After my Up-to-Date morning hiccups cleared up and I installed Mountain Lion on my Retina MacBook Pro (took less than 20 minutes!) the first thing I noticed was just how similar my desktop looked. With the clean install option gone, no longer is my wallpaper replaced with the new OS’s default galaxy picture, so there isn’t much to distinguish from the prior release. At least not at first glance.
It's hard to believe that Apple hasn't released a completely new version of its iWork suite since the 2009 edition, but we're at least getting an update this week that brings OS X Mountain Lion support.
Apple beefed up its international audience for iTunes in the Cloud this week, adding 37 more countries capable of downloading their movie purchases again. But Cupertino didn't stop there, quietly pulling the trigger on the same feature for 20th Century Fox titles as well.
Whether we're ready or not, iCloud is poised to take over our digital lives. With the last remnants of Mobile Me officially dead and buried, Apple is launching iCloud onto the main stage with Mountain Lion and, once iOS 6 comes out, bringing tighter integration between our Macs and iOS devices, and promising immediate access to files, websites, media and just about anything else we need, right when we need it.
But while it may seem all rosy on the surface, some people might be a bit leery about sinking their teeth into Apple's data buffet. Let's take a look at the pros and cons of the fledgling online service (besides that awful iCloud.com email address).
Apple’s simple Address Book app (redubbed Contacts in Mountain Lion) can store your contact details, upload them to iCloud, which syncs them to other devices--and that’s about it. But we hate having to launch it to see, edit, or create a contact. Cobook takes that pain away. Plus, you don’t have to re-enter or import existing contacts: Cobook makes full use of Address Book’s database, so anything you modify with Cobook is still available to your other devices using iCloud.
Back in the late 1960s, a popular public service announcement intoned: “It’s 10pm. Do you know where your children are?” Let’s rephrase that for today: “It’s 2012. Do you know where your data is?” My guess is that you don’t.
Thirty years ago, we geeks knew exactly where our data was: on floppies in Tyvek sleeves. Then we got multiuser systems at work, and shared hard drives with our coworkers. Next, networks put our files on central servers, a step further away from our direct control. In the 1990s came the Internet, which gave us access to a world of content, but which also gave the world a doorway--preferably a locked one--into our Macs.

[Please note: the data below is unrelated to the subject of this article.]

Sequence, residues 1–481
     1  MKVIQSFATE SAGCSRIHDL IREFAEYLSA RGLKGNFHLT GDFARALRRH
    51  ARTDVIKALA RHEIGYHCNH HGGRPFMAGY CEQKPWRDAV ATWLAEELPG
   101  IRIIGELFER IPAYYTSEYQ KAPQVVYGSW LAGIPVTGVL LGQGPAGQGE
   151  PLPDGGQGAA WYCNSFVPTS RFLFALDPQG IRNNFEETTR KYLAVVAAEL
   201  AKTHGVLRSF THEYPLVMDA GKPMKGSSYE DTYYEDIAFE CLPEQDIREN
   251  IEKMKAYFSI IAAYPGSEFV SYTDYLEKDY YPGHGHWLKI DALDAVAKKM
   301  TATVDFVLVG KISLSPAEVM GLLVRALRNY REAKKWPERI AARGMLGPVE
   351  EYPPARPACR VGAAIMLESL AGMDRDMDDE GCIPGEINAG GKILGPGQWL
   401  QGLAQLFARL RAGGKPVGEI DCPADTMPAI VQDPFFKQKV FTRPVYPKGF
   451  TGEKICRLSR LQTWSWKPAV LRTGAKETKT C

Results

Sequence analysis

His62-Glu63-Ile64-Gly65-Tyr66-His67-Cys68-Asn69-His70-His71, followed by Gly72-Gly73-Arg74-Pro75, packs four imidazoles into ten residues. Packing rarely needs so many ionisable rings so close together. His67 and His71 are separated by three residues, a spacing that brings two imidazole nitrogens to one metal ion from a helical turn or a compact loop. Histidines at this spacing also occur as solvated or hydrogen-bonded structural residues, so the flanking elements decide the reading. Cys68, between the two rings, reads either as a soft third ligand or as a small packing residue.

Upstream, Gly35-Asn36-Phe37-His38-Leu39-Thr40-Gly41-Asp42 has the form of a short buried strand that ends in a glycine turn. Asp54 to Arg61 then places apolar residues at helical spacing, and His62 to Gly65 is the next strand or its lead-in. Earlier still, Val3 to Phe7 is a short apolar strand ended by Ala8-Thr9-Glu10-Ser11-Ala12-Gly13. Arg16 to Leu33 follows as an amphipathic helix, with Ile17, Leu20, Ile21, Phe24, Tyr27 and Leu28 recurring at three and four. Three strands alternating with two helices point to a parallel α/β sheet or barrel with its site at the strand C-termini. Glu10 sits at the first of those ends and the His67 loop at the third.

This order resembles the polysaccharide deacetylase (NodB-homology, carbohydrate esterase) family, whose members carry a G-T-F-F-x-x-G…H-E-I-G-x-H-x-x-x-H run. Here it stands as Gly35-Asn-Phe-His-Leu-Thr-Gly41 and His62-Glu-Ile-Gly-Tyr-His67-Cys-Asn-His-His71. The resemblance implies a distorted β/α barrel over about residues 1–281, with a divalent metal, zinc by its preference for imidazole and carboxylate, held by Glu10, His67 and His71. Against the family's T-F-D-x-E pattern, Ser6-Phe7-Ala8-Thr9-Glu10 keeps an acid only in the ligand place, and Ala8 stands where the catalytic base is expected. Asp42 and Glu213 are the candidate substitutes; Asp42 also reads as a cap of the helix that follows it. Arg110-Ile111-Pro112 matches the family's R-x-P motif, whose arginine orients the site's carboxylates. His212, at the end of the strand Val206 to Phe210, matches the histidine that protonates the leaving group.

We've got a bit of How-To action going on this week, as most newsy stories took their vacation just like lots of staffers all over. So the news was slow as the mercury climbed. So now that you've retreated indoors with the air conditioning, these how-tos might just be the ticket. A little something to keep you occupied.
Fans of Readdle's productivity apps may have noticed the pace of updates have slowed recently, but that changed this week with the arrival of Scanner Pro 4.1, a new update which brings UI parity to the iPhone and iCloud sync.
Still haven't made the transition from MobileMe to iCloud? The June 30 deadline has come and gone, but like zombies in a classic horror film, the service continues to hang around, at least "for a limited time."
Well, that’s it folks: WWDC 2012 wraps up today and developers will soon head home to put the finishing touches on their OS X Mountain Lion apps, while immersing themselves in the fun and excitement of iOS 6 ahead of its launch this fall. But that doesn’t mean the rest of the tech world is just twiddling their thumbs -- read on and find out everything making news for this freaky Friday, June 15, 2012.